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MEP: there may be dishonest players hiding behind innocent EU investments

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Baltic news, News from Latvia, BNN.LV, BNN-NEWS.COM, BNN-NEWS.RU«I we want to know the actual inflow of investments and their influence from third countries, as well as survey possible risks, we have to know how to find out what happens in other EU member states, and understand that there may be dishonest players hiding behind visibly innocent investments,» says MEP Roberts Zīle.

On Tuesday, 27 March, members of Committee on European Parliament’s Economic and Monetary Affairs voted in favour of a proposal to create a framework for evaluation of direct investments in the European Union. Zīle is generally satisfied with the outcome. One of the main improvements was the expansion of the existing definition of the foreign direct investor, said Zīle’s assistant Edgars Zīverts.

The MEP says the committee’s initial definition for foreign direct investor was too wide, and if the legislative draft were approved in this redaction, it would mean that Russian investors, for example, could hide behind companies based in Malta or Cyprus. «We have managed to improve this, which is especially important for Latvia. As proven by our country’s example, a great deal of investments officially comes from EU member states, not third countries. Many of them put NGOs among so-called tax oases,» says the MEP.

He says that statistic data from 2017 speaks for itself. «Dutch investors have secured the largest investments, while money from Cyprus and Luxembourg are on 3rd and 4th place. The recent developments with Latvian companies confirm and increase concerns. As it is known, an Austrian company won in the auction for the sale of KVV Liepājas metalurgs metalworking. The company is 100% owned by another company based in Cyprus. We don’t know the people who are behind the Cyprus company. This is only one example. It is important to make sure we know the origin of the money that flows into Latvia and elsewhere in Europe,» says Zīle.

MEPs also expanded the definition of countries whose investments are subjected to evaluation. MEPs voted in favour of making sure investments that end up in member states’ exclusive economic zones are also subjected to screening. «Expansion of this definition is important if we take into account third countries’ activity in member states’ territorial waters. If we look at Nord Stream 2, Russia often says that EU legislation should not apply to this project because it does not pass through member state’s territory. This is absurd, and we cannot allow other foreign investors or member states to use this excuse,» says Zīle.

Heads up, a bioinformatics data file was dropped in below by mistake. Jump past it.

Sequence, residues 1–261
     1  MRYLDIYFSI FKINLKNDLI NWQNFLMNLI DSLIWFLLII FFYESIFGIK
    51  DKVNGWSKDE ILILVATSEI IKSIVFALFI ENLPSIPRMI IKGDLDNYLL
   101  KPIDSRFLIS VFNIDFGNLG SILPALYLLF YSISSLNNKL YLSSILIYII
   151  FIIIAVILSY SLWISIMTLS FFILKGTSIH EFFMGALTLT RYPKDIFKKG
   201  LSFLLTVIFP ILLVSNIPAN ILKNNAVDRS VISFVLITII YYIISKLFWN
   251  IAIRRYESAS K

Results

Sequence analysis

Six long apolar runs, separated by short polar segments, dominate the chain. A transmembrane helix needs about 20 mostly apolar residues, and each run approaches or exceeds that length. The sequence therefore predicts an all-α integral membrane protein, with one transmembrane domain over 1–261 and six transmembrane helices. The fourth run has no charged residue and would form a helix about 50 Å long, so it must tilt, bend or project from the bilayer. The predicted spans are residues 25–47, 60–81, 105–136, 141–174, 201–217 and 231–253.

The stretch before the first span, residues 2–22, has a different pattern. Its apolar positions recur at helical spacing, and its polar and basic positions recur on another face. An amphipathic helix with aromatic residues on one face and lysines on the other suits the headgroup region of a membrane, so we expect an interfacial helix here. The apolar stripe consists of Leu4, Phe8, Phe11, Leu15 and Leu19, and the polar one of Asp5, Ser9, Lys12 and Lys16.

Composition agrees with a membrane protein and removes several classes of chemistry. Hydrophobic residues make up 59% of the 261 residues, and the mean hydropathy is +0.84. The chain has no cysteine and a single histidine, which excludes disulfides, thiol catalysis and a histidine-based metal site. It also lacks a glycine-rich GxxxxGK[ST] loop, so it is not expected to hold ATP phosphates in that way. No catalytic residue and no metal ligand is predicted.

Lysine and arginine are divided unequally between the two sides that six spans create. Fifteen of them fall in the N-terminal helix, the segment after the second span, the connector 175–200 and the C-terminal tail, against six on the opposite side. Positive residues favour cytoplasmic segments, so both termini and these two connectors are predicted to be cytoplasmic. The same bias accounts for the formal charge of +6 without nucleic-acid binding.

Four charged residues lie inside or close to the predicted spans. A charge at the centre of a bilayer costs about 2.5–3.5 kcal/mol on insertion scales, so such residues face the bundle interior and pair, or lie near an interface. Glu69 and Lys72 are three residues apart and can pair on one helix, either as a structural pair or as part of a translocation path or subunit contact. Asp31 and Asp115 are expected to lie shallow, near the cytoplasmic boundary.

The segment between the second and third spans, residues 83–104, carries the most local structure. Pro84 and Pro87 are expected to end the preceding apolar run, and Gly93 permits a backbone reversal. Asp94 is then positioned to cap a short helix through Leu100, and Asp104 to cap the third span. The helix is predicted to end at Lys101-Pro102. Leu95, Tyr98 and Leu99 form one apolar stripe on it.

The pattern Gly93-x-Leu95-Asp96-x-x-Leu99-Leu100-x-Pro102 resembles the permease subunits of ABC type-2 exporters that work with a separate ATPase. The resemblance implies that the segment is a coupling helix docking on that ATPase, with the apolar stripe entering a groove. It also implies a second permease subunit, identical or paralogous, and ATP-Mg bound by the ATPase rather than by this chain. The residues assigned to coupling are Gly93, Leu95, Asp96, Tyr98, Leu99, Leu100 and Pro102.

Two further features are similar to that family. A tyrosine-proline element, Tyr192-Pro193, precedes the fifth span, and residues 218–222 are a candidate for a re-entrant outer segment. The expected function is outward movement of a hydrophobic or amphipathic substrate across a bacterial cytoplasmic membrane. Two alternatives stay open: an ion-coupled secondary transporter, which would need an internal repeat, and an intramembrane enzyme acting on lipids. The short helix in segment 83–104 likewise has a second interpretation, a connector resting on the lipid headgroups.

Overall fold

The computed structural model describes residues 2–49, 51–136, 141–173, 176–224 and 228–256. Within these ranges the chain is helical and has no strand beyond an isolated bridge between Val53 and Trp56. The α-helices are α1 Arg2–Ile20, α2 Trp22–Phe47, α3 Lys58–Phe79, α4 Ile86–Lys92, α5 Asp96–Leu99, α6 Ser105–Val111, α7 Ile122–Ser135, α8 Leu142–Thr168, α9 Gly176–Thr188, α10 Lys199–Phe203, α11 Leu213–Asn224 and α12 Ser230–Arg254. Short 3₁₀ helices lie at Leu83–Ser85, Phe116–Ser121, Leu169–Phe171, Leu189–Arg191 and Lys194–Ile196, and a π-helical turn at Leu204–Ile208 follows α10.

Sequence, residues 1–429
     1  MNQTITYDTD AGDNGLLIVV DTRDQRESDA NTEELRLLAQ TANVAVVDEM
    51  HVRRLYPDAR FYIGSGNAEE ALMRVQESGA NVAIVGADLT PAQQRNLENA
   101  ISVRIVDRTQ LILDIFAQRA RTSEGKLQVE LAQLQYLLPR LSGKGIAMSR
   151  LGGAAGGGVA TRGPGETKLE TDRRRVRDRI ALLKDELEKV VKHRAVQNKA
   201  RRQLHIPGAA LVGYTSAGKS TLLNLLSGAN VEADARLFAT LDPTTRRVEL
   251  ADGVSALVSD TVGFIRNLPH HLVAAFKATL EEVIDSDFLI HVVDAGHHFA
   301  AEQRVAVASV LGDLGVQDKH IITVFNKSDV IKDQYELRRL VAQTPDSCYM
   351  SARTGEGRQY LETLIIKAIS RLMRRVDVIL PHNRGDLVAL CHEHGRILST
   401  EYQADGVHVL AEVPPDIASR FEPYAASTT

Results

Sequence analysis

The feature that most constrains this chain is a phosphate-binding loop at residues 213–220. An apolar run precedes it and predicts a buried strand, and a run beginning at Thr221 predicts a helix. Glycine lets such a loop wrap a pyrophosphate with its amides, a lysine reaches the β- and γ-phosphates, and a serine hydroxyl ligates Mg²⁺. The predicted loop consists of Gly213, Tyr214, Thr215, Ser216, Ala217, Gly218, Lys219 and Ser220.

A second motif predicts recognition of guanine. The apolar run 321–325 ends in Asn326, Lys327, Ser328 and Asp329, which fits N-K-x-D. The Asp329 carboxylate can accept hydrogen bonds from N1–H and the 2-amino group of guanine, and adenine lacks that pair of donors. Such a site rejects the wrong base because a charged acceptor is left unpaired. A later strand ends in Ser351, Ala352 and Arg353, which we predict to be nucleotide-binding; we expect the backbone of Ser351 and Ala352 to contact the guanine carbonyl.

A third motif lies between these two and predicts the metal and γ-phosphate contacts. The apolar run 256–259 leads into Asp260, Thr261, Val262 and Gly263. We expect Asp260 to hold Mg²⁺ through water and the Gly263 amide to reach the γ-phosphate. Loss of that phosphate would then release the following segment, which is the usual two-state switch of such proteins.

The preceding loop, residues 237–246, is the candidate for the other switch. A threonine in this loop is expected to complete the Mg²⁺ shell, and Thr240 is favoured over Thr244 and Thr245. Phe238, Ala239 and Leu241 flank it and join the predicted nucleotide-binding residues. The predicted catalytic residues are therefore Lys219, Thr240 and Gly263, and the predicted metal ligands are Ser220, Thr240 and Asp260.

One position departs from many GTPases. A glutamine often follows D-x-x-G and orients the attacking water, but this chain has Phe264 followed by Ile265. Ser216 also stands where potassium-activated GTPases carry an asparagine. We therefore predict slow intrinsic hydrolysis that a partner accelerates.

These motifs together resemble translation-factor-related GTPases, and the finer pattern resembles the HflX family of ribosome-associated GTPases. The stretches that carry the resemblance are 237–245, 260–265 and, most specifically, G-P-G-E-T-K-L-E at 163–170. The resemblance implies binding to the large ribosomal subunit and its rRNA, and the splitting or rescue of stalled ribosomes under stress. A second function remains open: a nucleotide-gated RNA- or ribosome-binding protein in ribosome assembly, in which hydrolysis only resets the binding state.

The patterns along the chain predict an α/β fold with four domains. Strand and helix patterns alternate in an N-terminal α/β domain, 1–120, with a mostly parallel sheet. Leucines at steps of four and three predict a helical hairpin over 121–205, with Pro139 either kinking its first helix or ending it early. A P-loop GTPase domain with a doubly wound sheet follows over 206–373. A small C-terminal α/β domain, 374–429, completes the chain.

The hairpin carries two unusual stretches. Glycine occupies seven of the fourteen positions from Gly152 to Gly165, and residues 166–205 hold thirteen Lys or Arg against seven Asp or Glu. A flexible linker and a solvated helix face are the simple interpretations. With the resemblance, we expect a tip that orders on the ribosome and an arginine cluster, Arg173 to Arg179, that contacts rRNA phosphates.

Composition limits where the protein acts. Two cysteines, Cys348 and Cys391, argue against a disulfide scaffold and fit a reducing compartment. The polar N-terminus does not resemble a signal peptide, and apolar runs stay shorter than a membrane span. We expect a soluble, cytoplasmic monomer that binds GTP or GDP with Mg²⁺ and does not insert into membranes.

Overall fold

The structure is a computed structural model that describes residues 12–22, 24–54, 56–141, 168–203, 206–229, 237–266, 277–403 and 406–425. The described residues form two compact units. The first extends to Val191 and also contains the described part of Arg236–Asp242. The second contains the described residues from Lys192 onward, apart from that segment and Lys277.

The MEP also voiced his satisfaction with the fact that his colleagues supported his proposal to add media to the list of critical infrastructure. «Independent mass media represent the cornerstone of democracy. If we do not know who they belong to and do not consider owner structure an important condition for their independence, it could potentially cost a lot – regardless if we’re talking about Latvia or any other country. Still, considering geopolitical developments, it is important for Baltic States to know who the media belong to and what are the interests of their owners.»

At the same time, Zīle is disappointed that his colleagues in the European Parliament did not take into account another correction: that the European Commission or member states abstain from requesting information regarding third countries’ supported or financed investments from NATO member states intended for defence or security purposes.

«It is sad that a large number of committee members do not see the importance of security and defence. The fact that member states would be able to request information about transparent investments in defence and security fields could potentially lead to misunderstandings among countries or even potentially threaten security priorities of member states. Baltic States and Eastern Europe are part of NATO – they provide the region’s security. The committee’s position that investments in EU should be monitored could oppose EU’s own priorities for security,» said Zīle.

He adds that Article 346 of the treaty on the functioning of the EU states that member states do not have to provide information, disclosure of which can be considered a threat to their security interests.

«Germany already uses this article in its legislation in relation to screening of direct foreign investments and potential sharing of information. Latvia will also be able to apply Article 346. However, because there is no mention to NATO investments, it could mean that small countries will not withstand the pressure from European Commission or EU and be forced to share information regarding investments intended for security,» said Zīle.


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